It is obvious that AI is marking its entry onto the global scene. Anyway, since any AI is supposed to perform a task in such a way that the outcome would be indistinguishable from the outcome of a human agent working to achieve the same task, it is more and more difficult to recognize its presence in our daily life. Issues of transparency and ethics are crucial not only to be aware of the presence of an AI, but mostly to know how the algorithm is actually working and to verify the ‘quality’ of its dataset. It is important to realize that only the engineers know what an AI does, even if it enacts actions in real life. For common people, and even for regulators, it may turn out to be a digital voodoo that goes far beyond their understanding. Who does what? That is the question. The first part of the essay discusses the claims of “digital philosophy” (or “digital ontology”) under the light of legal analysis. The assumption that humankind and “intelligent” machines share the same digital/algorithmic ontology (as parts of an all-encompassing “digital universe”) could deprive the law of its ethical and emotional foundations. A sound regulation of both the circulation of digital information and AI requires adequate knowledge of technology (transparency) and the capacity to make ethical choices based on wide social consensus, in order to safeguard the fundamentally “human” nature of the law. The second part of the essay is an inquiry into AI as a machine-writing system, that is into the capacity of an AI to produce literary texts. Three examples will be discussed and a comparison to electronic literature will be pointed out. What seems to be fundamental is the idea of a literary output stuck on the very moment of its generation (process of writing) which is conceived by the reader as an anaesthetic experience. More than creativity, it is the perception of creativity that rules such literary works. This literary production can make readers aware of the power of an underlying algorithm.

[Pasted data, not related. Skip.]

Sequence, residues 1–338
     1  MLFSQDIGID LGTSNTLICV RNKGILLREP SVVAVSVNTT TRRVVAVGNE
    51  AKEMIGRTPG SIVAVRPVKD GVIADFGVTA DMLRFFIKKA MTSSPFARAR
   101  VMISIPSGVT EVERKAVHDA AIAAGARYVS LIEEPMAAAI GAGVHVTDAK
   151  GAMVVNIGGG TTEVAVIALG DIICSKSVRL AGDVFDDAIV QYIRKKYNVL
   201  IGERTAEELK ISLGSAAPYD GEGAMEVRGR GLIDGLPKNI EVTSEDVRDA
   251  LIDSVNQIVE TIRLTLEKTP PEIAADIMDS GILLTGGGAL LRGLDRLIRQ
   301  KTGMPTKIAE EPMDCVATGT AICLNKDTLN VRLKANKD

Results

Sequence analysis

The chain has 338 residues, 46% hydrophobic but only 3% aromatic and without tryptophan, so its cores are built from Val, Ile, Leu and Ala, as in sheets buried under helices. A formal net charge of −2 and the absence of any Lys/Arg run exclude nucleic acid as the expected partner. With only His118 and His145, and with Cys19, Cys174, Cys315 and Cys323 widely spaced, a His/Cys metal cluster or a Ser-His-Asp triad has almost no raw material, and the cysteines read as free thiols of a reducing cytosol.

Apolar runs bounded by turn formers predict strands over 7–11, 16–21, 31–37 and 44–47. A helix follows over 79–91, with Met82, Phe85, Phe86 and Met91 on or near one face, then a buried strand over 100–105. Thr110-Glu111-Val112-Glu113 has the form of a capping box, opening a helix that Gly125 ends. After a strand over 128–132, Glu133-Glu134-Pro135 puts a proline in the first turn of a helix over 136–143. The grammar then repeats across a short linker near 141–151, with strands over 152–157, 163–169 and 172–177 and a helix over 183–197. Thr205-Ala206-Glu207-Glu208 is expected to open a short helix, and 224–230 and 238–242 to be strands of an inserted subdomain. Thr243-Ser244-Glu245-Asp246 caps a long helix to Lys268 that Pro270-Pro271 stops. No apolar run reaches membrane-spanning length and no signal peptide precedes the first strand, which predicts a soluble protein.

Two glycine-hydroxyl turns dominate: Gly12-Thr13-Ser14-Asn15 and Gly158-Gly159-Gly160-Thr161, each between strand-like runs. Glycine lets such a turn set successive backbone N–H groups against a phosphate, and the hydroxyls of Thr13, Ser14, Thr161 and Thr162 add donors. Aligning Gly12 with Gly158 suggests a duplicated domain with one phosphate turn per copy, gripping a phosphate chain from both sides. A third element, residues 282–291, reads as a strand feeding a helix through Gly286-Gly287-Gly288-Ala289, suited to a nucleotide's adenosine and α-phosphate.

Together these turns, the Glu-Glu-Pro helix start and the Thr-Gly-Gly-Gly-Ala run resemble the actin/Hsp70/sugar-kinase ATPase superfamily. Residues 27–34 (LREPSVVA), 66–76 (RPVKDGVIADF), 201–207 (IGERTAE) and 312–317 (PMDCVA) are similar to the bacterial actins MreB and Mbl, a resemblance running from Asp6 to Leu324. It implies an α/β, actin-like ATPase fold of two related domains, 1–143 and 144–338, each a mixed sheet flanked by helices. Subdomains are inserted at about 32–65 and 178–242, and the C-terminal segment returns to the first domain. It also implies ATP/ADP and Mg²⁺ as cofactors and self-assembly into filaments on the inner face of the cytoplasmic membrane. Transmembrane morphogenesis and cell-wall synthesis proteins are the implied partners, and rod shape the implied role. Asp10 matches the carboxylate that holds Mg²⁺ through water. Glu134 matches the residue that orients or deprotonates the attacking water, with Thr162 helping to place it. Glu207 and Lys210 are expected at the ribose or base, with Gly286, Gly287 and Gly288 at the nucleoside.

Digital Voodoo: Who Does What?, 2020-04.

Digital Voodoo: Who Does What?

Carbone, Paola
;
Rossi, Giuseppe
2020

Abstract

It is obvious that AI is marking its entry onto the global scene. Anyway, since any AI is supposed to perform a task in such a way that the outcome would be indistinguishable from the outcome of a human agent working to achieve the same task, it is more and more difficult to recognize its presence in our daily life. Issues of transparency and ethics are crucial not only to be aware of the presence of an AI, but mostly to know how the algorithm is actually working and to verify the ‘quality’ of its dataset. It is important to realize that only the engineers know what an AI does, even if it enacts actions in real life. For common people, and even for regulators, it may turn out to be a digital voodoo that goes far beyond their understanding. Who does what? That is the question. The first part of the essay discusses the claims of “digital philosophy” (or “digital ontology”) under the light of legal analysis. The assumption that humankind and “intelligent” machines share the same digital/algorithmic ontology (as parts of an all-encompassing “digital universe”) could deprive the law of its ethical and emotional foundations. A sound regulation of both the circulation of digital information and AI requires adequate knowledge of technology (transparency) and the capacity to make ethical choices based on wide social consensus, in order to safeguard the fundamentally “human” nature of the law. The second part of the essay is an inquiry into AI as a machine-writing system, that is into the capacity of an AI to produce literary texts. Three examples will be discussed and a comparison to electronic literature will be pointed out. What seems to be fundamental is the idea of a literary output stuck on the very moment of its generation (process of writing) which is conceived by the reader as an anaesthetic experience. More than creativity, it is the perception of creativity that rules such literary works. This literary production can make readers aware of the power of an underlying algorithm.
Inglese
2020
https://doi.org/10.1515/pol-2020-2007
De Gruyter
14
1
91
129
37
Germany
internazionale
comitato scientifico
senza ISI Impact Factor
A stampa
Settore L-LIN/10 - Letteratura Inglese
Settore IUS/02 - Diritto Privato Comparato
2
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Utilizza questo identificativo per citare o creare un link a questo documento: https://hdl.handle.net/10808/34207
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